If possible, it would be beneficial for both parties to seek marriage counseling before the violence escalates. If not, then you should be talking to a professional that can help you understand what is happening to you and give you some guidelines on how to cope and how to help your children. The abused spouse is often dealing with repressed anger, feeling hurt, humiliated, and isolated. Get help now. No one deserves to be abused!

National Domestic Violence Hotline 1-800-799-SAFE (7233) ;  1-800-787-3224

Love yourself enough to seek help with addictions this Valentine’s Day

There is no doubt that substance abuse and addiction is difficult during every season of the year. Once the rush of the holiday season, balancing work and holiday time off, and a long few days of travel to see friends and family is over; all that is left is getting back to ‘normal’. January is a month full of change and resolutions, so making time to cope with personal hardships (like addiction and substance abuse) is put at the bottom of your to-do list. As February approaches, the usual hustle of preparing for a magical and romantic Valentine’s Day for you and a significant other, spouse, or partner takes priority. This reveals the real question: is there ever time to get help for myself?

Realizing that you are important enough to get help is the first step on your journey to navigate out of the dark path of addiction and substance abuse to a healthier life. The problems associated with addiction and substance abuse seem to start out slowly and pick up speed in what seems like no time at all. Using and abusing substances affects your life, the life of your friends, family members, children, co-workers, and everyone else you interact with on a daily basis. What began as a coping method for stress or an activity during your downtime quickly becomes a lifestyle and the center point of many more problems. To take charge of the cycle of use and abuse of drugs and alcohol is often the hardest part of the recovery and healing process; and takes courage and support. The process of recovery requires resources to get the help that you need in order to control the substances that have a strong grip on your personal life. Mental health counseling and substance abuse treatment are the vital next steps in the process of your recovery. Overall, wanting to live your life as the healthiest and most well person you can be is reason enough to seek help for addictions for the holiday of celebrating love. Loving yourself enough to get help is a magical and romantic thing that can give you back a healthy fresh start to your relationship with yourse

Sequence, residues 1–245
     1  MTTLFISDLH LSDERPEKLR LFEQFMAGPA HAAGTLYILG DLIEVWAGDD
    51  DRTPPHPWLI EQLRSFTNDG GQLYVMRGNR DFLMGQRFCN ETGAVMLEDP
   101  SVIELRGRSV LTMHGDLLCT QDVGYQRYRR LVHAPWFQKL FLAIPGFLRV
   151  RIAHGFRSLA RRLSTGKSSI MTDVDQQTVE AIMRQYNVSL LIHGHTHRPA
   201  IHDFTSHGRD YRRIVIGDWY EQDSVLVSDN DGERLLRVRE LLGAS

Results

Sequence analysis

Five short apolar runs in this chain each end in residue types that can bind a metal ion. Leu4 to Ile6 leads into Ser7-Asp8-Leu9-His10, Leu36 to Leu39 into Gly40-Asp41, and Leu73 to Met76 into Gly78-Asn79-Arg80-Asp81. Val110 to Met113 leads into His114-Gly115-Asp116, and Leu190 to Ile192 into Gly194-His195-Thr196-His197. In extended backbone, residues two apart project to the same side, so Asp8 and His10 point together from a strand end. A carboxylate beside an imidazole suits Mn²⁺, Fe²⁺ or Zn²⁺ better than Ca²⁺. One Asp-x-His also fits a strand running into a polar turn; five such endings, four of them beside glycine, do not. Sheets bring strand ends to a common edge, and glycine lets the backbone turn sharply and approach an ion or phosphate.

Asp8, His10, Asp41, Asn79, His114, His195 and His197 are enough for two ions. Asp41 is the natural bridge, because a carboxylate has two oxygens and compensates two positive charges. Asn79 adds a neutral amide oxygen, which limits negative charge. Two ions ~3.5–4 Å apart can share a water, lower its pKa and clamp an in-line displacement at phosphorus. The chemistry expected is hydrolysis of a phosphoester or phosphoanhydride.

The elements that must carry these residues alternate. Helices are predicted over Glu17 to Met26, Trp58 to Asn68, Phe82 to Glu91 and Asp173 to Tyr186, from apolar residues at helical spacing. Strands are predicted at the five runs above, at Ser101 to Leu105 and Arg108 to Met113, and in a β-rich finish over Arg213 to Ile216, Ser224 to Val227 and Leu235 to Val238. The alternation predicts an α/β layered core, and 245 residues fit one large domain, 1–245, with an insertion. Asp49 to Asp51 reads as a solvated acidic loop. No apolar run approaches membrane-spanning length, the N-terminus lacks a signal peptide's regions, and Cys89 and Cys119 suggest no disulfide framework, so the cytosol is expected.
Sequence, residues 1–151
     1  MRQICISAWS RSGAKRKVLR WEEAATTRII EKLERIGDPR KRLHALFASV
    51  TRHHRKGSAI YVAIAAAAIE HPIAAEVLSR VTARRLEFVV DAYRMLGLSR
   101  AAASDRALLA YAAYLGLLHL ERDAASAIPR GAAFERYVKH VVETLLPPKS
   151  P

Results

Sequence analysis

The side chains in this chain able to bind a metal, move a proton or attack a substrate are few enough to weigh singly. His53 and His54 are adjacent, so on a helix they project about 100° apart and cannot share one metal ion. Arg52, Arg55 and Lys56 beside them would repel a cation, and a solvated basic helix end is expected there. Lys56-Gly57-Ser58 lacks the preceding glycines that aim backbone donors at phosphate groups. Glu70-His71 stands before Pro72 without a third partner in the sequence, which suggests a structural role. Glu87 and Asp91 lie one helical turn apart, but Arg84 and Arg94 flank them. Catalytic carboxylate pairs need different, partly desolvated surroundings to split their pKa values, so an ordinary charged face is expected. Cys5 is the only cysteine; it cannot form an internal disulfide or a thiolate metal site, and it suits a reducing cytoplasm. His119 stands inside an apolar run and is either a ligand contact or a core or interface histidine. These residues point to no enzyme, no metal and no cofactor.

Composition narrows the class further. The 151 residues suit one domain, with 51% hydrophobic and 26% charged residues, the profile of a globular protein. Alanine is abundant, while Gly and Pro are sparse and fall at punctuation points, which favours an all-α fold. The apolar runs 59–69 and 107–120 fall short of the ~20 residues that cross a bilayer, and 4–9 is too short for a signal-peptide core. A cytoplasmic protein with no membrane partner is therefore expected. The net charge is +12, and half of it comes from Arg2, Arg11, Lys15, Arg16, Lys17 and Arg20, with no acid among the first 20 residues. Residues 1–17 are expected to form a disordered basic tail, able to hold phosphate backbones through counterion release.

Erika McCaghren

Love yourself enough to seek help with addictions this Valentine's Day

There is no doubt that substance abuse and addiction is difficult during every season of the year. Once the rush of the holiday season, balancing work and holiday time off, and a long few days of travel to see friends and family is over; all that is left is getting back to ‘normal’. January is a month full of change and resolutions, so making time to cope with personal hardships (like addiction and substance abuse) is put at the bottom of your to-do list. As February approaches, the usual hustle of preparing for a magical and romantic Valentine’s Day for you and a significant other, spouse, or partner takes priority. This reveals the real question: is there ever time to get help for myself?

Realizing that you are important enough to get help is the first step on your journey to navigate out of the dark path of addiction and substance abuse to a healthier life. The problems associated with addiction and substance abuse seem to start out slowly and pick up speed in what seems like no time at all. Using and abusing substances affects your life, the life of your friends, family members, children, co-workers, and everyone else you interact with on a daily basis. What began as a coping method for stress or an activity during your downtime quickly becomes a lifestyle and the center point of many more problems. To take charge of the cycle of use and abuse of drugs and alcohol is often the hardest part of the recovery and healing process; and takes courage and support. The process of recovery requires resources to get the help that you need in order to control the substances that have a strong grip on your personal life. Mental health counseling and substance abuse treatment are the vital next steps in the process of your recovery. Overall, wanting to live your life as the healthiest and most well person you can be is reason enough to seek help for addictions for the holiday of celebrating love. Loving yourself enough to get help is a magical and romantic thing that can give you back a healthy fresh start to your relationship with yourse

Erika McCaghren